The Monmouth County Board of Freeholders has reduced the proposed 2011 budget by an additional $3.7 million, thanks to cuts from the sheriff’s office.
The revised county budget would be $492.3 million, down $1.1 million from the previous year’s adopted budget. The new amount to be raised by taxation would be $309.3 million, up $6.8 million, or 2.26 percent.
The new figures were announced to the public during a budget presentation March 3 at the Eastern Branch of the county library system, here. More cuts may be proposed before the scheduled adoption on March 24 at the Hall of Records in Freehold, the freeholders said.
Sheriff Shaun Golden offered a $66.9 million budget that is 1.2 percent lower than the 2010 adopted spending. (The $3.7 million savings stems from his requested appropriation.)
Under his savings plan, Golden trimmed $3.2 million in salaries and overtime pay, and slashed $500,000 in expenses.
Golden said after the meeting that revenue for each of his divisions — corrections, communications and law enforcement — has increased.
“I anticipate revenue will be the same, if not better, next year,” the sheriff said, adding that he will continue to push for shared service agreements with local towns.
The sheriff noted that his office was the only county agency to close an entire operation, the Youth Detention Center. While the closure is expected to result in huge savings, those figures were not reflected in this year’s budget.
Cynthia Scott, a spokesman for the sheriff, confirmed Tuesday that six positions will be eliminated through attrition. They include three from the jail and three from law enforcement. The sheriff, she said, also will postpone the hiring of 10 911 dispatchers and one systems analyst at the 911 Communications Center.
There were some new hires and promotions, however. Golden announced last month the appointment of two new undersheriffs and shifted Scott from an undersheriff spot to a title that was more suitable for her role, public information officer.
Retired Spring Lake Police Chief Robert Dawson and Michael Donovan Jr., a retired lieutenant with the Monmouth County Prosecutor’s Office, were both sworn into office by Superior Court Judge Lawrence Lawson on Feb. 15.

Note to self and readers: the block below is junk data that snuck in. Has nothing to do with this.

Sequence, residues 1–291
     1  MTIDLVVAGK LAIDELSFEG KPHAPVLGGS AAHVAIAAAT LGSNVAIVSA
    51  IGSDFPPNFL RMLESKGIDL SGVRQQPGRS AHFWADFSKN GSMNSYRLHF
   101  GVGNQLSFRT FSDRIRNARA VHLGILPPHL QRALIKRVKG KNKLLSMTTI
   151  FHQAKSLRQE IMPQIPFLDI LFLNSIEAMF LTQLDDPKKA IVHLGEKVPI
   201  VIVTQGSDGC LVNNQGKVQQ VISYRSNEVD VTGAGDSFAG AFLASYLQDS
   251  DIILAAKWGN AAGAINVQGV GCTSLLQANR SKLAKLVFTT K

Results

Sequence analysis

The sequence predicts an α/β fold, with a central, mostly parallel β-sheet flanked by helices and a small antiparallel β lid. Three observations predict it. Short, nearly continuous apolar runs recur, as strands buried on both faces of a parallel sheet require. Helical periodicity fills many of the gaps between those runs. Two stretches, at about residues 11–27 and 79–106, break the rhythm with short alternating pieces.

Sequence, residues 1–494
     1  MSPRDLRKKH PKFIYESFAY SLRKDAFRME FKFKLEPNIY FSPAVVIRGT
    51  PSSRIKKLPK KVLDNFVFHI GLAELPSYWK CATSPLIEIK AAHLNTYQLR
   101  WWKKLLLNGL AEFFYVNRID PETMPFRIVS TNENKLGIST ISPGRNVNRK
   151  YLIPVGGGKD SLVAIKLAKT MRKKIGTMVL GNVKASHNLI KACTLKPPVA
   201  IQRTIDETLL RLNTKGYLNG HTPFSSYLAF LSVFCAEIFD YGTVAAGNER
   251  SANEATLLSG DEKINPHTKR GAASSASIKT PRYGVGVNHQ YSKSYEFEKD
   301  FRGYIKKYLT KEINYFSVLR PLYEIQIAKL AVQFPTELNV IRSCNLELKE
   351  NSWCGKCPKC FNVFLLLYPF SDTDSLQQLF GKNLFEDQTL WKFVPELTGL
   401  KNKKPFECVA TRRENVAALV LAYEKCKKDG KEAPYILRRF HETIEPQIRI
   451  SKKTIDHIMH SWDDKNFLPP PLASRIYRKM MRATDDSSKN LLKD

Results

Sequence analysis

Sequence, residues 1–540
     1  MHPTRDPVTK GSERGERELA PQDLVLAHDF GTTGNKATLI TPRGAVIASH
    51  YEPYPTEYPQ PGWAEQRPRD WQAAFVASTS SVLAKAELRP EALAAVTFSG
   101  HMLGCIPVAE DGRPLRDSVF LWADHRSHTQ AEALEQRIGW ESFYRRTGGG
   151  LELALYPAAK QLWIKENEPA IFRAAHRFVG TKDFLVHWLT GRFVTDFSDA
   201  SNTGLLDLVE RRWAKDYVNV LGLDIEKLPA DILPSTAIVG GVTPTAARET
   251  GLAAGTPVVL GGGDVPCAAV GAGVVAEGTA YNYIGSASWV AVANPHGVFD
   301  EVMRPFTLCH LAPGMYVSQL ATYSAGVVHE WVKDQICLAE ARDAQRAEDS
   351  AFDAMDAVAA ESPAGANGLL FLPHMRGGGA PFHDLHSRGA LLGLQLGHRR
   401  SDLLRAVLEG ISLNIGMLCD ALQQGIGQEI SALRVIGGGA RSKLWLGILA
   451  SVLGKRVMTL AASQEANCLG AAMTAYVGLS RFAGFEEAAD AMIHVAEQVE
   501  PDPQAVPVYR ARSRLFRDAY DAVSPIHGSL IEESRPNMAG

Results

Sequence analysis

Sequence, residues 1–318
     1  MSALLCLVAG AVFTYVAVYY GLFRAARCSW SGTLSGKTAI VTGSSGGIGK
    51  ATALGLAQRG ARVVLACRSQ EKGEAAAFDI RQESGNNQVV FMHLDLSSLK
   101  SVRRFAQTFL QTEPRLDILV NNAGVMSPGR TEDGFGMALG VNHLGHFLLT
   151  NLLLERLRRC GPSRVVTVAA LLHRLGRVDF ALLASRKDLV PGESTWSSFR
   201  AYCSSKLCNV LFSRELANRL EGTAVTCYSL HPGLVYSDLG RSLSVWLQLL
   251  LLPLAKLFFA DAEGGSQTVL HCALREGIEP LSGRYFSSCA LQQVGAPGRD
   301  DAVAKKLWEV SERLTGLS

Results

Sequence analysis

Dawson, of Spring Lake, will earn $88,125 as head of the communications center, the job Golden had been hired to perform. Goldne had continued to oversee the center prior to Dawson’s arrival.
Donovan, of Neptune, became chief warrant officer in 2008. He is paid $87,550 to oversee the law enforcement division, which includes foreclosures, warrants, prisoner transfer and courthouse security. Scott said his old post has not been filled.
The two men join Theodore Freeman, who has been undersheriff since 2004 and serves as acting sheriff in Golden’s absence. Freeman, of Spring Lake, earns $90,330 to oversee special operations.
Eric Brophy, the Democratic candidate for sheriff last year, blasted Golden for allowing Donovan to collect a pension and a salary. The state Division of Pensions reported the undersheriffs are currently collecting a pension in the following amounts for their respective law enforcement service: Dawson, $8,036.59; Donovan, $7,161.59; and Freeman, $4,934.48.
Golden also backfilled several positions at the jail. The following officers were also sworn into office on Feb. 15: a deputy warden, two captains, two lieutenants and seven sergeants.
Freeholder Thomas Arnone said the board must focus on which departments are losing revenue and figure out why. Freeholders John Curley and Amy Mallet pointed to the nursing homes as money drains.
One resident suggested the county sell off unneeded properties to help balance the budget — as Curley has recommended — and start with the nursing homes.
Freeholder Lillian Burry said the board is actively working on selling them.
“We’re closer to a conclusion than you realize,” she said.
Nina Rizzo: 201-838-8318; firstname.lastname@example.org